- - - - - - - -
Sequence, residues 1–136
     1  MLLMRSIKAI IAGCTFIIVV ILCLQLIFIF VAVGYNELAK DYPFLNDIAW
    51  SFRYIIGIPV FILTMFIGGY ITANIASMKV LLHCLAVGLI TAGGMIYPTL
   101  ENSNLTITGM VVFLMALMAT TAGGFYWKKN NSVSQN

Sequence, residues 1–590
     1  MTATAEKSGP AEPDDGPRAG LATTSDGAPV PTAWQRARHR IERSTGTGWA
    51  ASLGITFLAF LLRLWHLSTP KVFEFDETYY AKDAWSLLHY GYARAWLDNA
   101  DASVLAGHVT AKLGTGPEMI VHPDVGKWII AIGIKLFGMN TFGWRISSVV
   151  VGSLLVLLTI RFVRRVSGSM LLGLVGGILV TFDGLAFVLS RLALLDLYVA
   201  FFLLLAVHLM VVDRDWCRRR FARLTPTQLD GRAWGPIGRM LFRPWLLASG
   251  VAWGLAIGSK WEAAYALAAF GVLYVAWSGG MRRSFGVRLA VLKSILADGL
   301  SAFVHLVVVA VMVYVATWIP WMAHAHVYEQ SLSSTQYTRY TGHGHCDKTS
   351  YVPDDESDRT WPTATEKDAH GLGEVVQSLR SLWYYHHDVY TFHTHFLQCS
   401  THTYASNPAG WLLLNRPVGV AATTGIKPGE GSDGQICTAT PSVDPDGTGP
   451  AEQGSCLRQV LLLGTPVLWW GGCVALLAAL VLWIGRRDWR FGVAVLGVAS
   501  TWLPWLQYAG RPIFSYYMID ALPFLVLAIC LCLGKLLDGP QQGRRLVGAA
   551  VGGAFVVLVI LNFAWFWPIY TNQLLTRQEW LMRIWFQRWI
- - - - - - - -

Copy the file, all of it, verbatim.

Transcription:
Sequence, residues 1–136
     1  MLLMRSIKAI IAGCTFIIVV ILCLQLIFIF VAVGYNELAK DYPFLNDIAW
    51  SFRYIIGIPV FILTMFIGGY ITANIASMKV LLHCLAVGLI TAGGMIYPTL
   101  ENSNLTITGM VVFLMALMAT TAGGFYWKKN NSVSQN

Sequence, residues 1–590
     1  MTATAEKSGP AEPDDGPRAG LATTSDGAPV PTAWQRARHR IERSTGTGWA
    51  ASLGITFLAF LLRLWHLSTP KVFEFDETYY AKDAWSLLHY GYARAWLDNA
   101  DASVLAGHVT AKLGTGPEMI VHPDVGKWII AIGIKLFGMN TFGWRISSVV
   151  VGSLLVLLTI RFVRRVSGSM LLGLVGGILV TFDGLAFVLS RLALLDLYVA
   201  FFLLLAVHLM VVDRDWCRRR FARLTPTQLD GRAWGPIGRM LFRPWLLASG
   251  VAWGLAIGSK WEAAYALAAF GVLYVAWSGG MRRSFGVRLA VLKSILADGL
   301  SAFVHLVVVA VMVYVATWIP WMAHAHVYEQ SLSSTQYTRY TGHGHCDKTS
   351  YVPDDESDRT WPTATEKDAH GLGEVVQSLR SLWYYHHDVY TFHTHFLQCS
   401  THTYASNPAG WLLLNRPVGV AATTGIKPGE GSDGQICTAT PSVDPDGTGP
   451  AEQGSCLRQV LLLGTPVLWW GGCVALLAAL VLWIGRRDWR FGVAVLGVAS
   501  TWLPWLQYAG RPIFSYYMID ALPFLVLAIC LCLGKLLDGP QQGRRLVGAA
   551  VGGAFVVLVI LNFAWFWPIY TNQLLTRQEW LMRIWFQRWI